Some recipes are good because you know you shouldn’t eat them very often, which makes them a treat. Others are good because you can eat them as often as you’d like, with no guilt whatsoever. My food life is filled with foods from category two, and polka-dotted with treats from the first category. Food should always be a delight, no matter from the first or second category, don’t you agree?
My favorite kind of cooking happens when categories one and two collide. Making this quinoa salad is an indulgence in itself, and feels more like an art project than a chore.
The art project begins at the garden…or the farmers market…or at your favorite grocery store. Pretend you are reaching into your deluxe box of Crayons, and have fun choosing your colors. My Crayola box is filled with black bean, limey green, purple power onion, electric habañero orange, and sweet corn yellow. What about you?
Cooked and cooled quinoa (prounounced “keen-wah”) is the perfect background to splash colors upon. Not only does this little seed have a light nutty flavor and crunchy texture, but it is packed with all sorts of things that are good for you, like protein, iron, and amino acids. Lets suffice to say that if Popeye the Sailor Man were around today, he’d probably choose quinoa over spinach.
Now, it’s chop-chop time. Here’s where a sharp knife will be your best buddy. Layer your colorful veggies over your quinoa, drizzle your chile-lime vinaigrette, toss it all together, and then stand back to look at your work–a piece of (albeit abstract) art.
I’ll bet your mom would display it on her fridge if she could. I think my mom will eat it instead.
Southwest Quinoa Salad
This is a Summer salad, through and through. Choose an array of peppers, taking into consideration level of heat, sweetness and color. I like to keep a big bowl of this salad in the fridge to eat for lunches. Refresh with a splash of lime and a pinch of salt the day after you make it.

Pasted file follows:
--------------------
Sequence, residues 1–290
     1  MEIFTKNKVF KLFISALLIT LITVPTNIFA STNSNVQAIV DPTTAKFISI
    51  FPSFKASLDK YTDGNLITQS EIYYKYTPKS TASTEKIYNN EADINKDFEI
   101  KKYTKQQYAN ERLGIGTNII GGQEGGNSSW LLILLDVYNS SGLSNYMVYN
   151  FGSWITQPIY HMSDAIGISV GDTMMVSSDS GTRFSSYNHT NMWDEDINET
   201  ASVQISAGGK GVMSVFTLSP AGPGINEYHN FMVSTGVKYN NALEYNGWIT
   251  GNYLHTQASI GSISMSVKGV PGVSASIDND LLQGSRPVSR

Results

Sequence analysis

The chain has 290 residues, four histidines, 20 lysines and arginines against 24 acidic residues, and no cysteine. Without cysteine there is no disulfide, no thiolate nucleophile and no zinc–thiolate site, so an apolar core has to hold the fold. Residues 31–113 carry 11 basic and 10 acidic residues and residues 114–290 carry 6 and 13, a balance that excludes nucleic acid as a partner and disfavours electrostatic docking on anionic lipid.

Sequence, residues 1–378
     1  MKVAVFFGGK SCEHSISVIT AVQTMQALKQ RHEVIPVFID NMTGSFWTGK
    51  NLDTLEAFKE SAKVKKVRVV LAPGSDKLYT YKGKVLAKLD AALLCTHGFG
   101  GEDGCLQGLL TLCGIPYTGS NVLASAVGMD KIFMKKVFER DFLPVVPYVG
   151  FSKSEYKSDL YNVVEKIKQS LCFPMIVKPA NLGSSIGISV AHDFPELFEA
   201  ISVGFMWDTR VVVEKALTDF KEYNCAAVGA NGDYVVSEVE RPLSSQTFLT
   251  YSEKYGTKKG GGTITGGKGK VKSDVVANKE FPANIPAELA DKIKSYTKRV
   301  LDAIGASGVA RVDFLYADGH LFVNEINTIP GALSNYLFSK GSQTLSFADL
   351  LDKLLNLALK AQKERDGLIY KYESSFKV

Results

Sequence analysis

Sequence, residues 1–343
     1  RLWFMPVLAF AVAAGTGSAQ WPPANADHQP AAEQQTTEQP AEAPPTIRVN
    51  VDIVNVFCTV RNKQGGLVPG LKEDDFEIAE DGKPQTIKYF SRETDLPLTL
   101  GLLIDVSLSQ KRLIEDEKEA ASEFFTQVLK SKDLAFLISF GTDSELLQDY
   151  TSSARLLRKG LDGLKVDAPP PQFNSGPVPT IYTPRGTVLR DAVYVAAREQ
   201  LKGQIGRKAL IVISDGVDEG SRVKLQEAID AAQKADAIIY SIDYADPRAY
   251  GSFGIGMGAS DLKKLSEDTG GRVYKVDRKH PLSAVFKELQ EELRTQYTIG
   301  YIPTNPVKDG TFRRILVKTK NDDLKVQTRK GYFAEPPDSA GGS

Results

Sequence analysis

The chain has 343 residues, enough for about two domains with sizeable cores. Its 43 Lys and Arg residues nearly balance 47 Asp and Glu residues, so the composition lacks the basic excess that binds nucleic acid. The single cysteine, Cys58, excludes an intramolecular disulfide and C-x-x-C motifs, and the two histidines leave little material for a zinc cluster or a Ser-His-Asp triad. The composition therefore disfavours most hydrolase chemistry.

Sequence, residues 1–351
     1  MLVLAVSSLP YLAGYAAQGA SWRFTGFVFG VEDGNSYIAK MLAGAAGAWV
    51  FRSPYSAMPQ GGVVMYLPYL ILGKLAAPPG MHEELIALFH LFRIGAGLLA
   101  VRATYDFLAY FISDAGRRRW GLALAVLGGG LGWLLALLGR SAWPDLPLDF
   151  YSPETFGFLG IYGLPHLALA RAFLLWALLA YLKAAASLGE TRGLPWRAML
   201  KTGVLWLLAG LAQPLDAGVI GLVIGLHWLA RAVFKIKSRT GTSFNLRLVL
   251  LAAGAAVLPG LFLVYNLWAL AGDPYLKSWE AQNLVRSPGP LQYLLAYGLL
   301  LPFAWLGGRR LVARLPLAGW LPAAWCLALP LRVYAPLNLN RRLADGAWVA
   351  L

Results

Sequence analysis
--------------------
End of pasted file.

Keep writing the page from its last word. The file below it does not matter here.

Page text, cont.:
- 1 cup quinoa (any color), cooked and cooled (see instructions below)
- 1 or 2 avocados, peeled, pit removed, diced
- 1/2 cup canned black beans, rinsed
- kernels from 1 cob corn, or 3/4 cup thawed frozen corn
- About 1 1/2 cups diced mildly spicy peppers (a mix of bell peppers, anaheim, etc…)
- 1/2 to 1 jalapeno
- 1/2 to 1 small habanero, minced (or less to taste)
- 2 tomatoes, diced
- 1 small red onion, diced
- 1/2 cup chopped cilantro
Chile Lime Vinaigrette:
- 1/3 cup grapeseed oil or canola oil
- 3 tablespoons fresh lime juice
- 2 cloves garlic, minced or pressed
- 3/4 tsp ground cayenne
- 1/4 tsp ground cumin
- 1/2 tsp salt
- 1/2 tsp vinegar
For the Quinoa:
Rinse the quinoa thoroughly in cold water and drain. Place 1 cup of quinoa and 2 cups of water in a saucepan and bring to a boil. Reduce to a simmer, cover, and cook for 10 to 15 minutes, or until all all of the water has been absorbed. When fully cooked, the germ ring will be visible along the outside edge of each seed (a white circle).
If the water has evaporated, but the germ ring is not yet visible, add a splash of water, and simmer for a few more minutes. Set aside until cool.
For the Vinaigrette:
Place all vinaigrette ingredients in a jar and shake until combined, or whisk in a small bowl.
For the Salad:
Put all of the salad ingredients into a large bowl. Drizzle with the vinaigrette, and gently toss to combine.